Exclusive to A.M. Costa Rica
There have been more new tax rules in the last four years than there have been in the past 10. Many expats are lost in the maze, and their heads are about to burst with all the information. Here is a concise list of the deadlines past and present to help everyone get organized.
Jan 31. Law 9428 taxes were due. Most people refer to these assessments as the yearly company taxes. In Spanish, they are called, “Impuesto a las Personas Jurídicas.” It is not an income tax, but just a charge by the government for using a company structure to hold assets instead of in a personal name. Active companies pay 25% of Costa Rica’s minimum salary or 112,500 colons ($200), and inactive entities pay 15% or 67,530 colons ($120). Currently, the base salary in the country is 450,200 colons or around $800. For those that have not paid, interest is now accruing, and they should get the amount due paid as soon as possible to avoid the overcharges.
March 16. Income tax returns are due for any company doing business that was activated after July 1, 2019. It is important to note this is for active companies only and does not apply to inactive ones.
March 31. Filing Law 9416 reports for 2019 without a fine was extended to this date. They are also referred to as the RTBF registry registration or in Spanish, “Registro de Transparencia y Beneficiarios Finales.” This extension happened at the last minute in January because one-third of all filers required to file had not done so. This is not a tax, but an informational return. Anyone who has gone through the process to do their reports feel like it is a penalty because most have been hit by high fees from attorneys to file the document. Legislature delegate Pablo Heriberto Abarca is trying to change Article 5 of Law 9416 which mandates yearly filing to a different period, like every five years or so. However, the movement to do this does not have the same support as the extension for the filing deadline passed at the end of January.
March 31. Law 5923, as modified by Law 9643, education and culture taxes are due. This assessment used to be no big deal about 750 colons for an inactive company and 9,000 for an active one. The lower amount has increased 566% to 5,000 colons and the top amount doubled to 18,000.
March 31. First quarter property taxes are due. They are .25% (decimal point 25 percent) or $250 for every $100,000. They can be paid online for most municipalities via the Banco Nacional de Costa Rica or the Banco de Costa Rica. In some cases, due amounts for municipalities can be paid at only one bank or the other, not at both. They can be paid either quarterly or annually.
April 30. Filing Law 9416 reports for 2020 are due. Yep, that’s right, the same report everyone with a company has been struggling with during 2019 and now to March 31 because its final deadline was extended, is due again in April. For those who have filed, filing again should not be difficult. They can take their original form, copy it on the Banco Central online system and submit it again for 2020. For those designating another to file the report can do the same thing as long as the original authorization was not restricted.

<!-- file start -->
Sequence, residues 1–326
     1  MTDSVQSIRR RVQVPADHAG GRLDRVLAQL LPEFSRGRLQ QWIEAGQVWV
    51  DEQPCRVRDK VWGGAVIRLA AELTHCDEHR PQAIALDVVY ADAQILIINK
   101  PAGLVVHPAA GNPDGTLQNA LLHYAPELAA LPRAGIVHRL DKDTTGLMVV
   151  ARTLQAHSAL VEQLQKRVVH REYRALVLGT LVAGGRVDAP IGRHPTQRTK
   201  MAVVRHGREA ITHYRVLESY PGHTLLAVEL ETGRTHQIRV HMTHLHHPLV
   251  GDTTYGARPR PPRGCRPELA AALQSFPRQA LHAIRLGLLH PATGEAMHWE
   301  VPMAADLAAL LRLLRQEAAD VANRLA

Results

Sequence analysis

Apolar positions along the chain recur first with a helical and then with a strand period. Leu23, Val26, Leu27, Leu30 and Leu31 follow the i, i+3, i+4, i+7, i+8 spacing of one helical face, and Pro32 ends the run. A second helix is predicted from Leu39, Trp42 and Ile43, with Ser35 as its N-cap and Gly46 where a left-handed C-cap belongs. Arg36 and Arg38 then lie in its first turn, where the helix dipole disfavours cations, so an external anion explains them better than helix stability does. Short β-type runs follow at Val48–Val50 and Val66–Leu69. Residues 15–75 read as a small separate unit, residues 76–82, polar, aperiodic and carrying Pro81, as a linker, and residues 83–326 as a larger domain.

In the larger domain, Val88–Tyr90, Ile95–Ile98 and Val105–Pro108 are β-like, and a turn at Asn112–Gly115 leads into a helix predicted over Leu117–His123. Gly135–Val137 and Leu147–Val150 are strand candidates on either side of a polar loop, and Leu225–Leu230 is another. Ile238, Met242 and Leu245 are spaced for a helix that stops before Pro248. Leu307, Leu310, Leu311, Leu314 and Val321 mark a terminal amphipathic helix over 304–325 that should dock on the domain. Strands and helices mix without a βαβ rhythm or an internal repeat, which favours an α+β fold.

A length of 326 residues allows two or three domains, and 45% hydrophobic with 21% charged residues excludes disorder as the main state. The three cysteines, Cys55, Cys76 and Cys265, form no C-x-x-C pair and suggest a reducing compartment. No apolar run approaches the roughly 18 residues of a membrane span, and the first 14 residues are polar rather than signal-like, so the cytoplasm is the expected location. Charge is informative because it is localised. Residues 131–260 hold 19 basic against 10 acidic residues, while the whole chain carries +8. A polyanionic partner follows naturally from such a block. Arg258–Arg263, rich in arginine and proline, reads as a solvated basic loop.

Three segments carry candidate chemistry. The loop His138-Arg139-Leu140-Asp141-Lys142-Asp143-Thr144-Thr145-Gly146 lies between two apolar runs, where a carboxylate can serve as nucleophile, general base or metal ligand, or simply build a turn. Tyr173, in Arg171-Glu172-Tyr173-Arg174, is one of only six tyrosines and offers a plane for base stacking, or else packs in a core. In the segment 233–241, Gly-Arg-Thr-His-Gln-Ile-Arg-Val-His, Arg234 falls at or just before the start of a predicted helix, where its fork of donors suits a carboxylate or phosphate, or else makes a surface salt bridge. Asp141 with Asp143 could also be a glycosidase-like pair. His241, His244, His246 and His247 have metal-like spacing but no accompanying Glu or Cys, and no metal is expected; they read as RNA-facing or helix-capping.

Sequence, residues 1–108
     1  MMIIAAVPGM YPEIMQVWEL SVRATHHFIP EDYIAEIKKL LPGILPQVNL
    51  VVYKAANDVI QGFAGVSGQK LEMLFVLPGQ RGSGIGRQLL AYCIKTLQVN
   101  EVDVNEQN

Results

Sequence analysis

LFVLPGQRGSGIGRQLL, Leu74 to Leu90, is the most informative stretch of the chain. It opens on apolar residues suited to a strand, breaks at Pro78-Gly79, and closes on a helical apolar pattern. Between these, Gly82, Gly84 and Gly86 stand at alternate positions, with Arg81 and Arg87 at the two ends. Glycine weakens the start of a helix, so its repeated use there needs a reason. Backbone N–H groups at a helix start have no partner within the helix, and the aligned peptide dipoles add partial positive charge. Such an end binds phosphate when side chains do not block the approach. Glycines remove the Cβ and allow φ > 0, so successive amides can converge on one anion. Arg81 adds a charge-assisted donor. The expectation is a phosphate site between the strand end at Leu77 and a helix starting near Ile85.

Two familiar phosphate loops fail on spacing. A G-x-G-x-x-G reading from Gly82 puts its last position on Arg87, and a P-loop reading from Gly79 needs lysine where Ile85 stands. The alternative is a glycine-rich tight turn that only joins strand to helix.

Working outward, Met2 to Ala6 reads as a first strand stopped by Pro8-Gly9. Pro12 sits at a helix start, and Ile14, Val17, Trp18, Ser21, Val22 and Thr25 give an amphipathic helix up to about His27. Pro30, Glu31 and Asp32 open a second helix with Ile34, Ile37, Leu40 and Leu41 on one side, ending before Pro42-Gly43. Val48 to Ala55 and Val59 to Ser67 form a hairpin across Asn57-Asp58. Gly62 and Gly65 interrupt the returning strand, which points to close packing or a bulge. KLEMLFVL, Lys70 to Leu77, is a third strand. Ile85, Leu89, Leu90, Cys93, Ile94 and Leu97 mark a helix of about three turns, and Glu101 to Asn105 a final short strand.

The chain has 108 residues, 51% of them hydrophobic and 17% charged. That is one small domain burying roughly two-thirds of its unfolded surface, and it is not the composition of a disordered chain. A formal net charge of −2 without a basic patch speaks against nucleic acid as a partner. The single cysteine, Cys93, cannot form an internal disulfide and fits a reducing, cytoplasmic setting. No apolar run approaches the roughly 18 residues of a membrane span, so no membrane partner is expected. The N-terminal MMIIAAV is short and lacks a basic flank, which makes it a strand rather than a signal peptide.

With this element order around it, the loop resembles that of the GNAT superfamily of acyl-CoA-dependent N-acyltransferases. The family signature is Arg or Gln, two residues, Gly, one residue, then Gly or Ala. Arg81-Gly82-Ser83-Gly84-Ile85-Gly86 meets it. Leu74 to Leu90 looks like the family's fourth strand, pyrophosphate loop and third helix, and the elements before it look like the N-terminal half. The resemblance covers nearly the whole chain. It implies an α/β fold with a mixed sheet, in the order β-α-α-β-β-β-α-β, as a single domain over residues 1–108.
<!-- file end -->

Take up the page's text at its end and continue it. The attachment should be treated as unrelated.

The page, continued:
May 31. Resolution DGT-R-075-2019 requires all inactive companies to register with the tax department based on the last digit of their identification number. This process started in January for entities ending in 1 and 2, 3 and 4’s were due in February, 5 and 6’s this month, 7 and 8’s are due in April and the final group, 9 and 0 are due by May 31. This requirement actually came out in 2017 with a different set of date, but was modified at the end of last year so inactive entities will be prepared to file their D-135 next year in March.
June 30. Second quarterly property taxes are due.
Sept 30. Third quarterly property taxes are due.
Dec. 31. Fourth quarterly property taxes are due.
March 15, 2021. This is just a heads up for expats. The infamous D-135, the first tax returns for inactive companies is due. This is an informational return only, but it will require filers to provide detailed asset and owner’s equity data regarding any company existing to hold things like, property titles, motor vehicles, boats, bank accounts and other assets.
The above dates are oriented toward foreigners living in Costa Rica part-time and full-time but not doing business, just enjoying themselves or retired. Some expats are owners of money-making enterprises which have several additional deadlines with the tax department. These individuals should consult an accounting professional.
This is a good list to stick to the fridge and check off things as they are completed. One hot item that deserves a big star next to it is the filing in April for the 2020 version of the Law 9416 report. Not filing it will result in a whopping fine. Hopefully, Pablo Abarca, will make some progress and get the yearly filing changed to a more reasonable period.
Article first published in A.M.Costa Rica on April 6, 2020.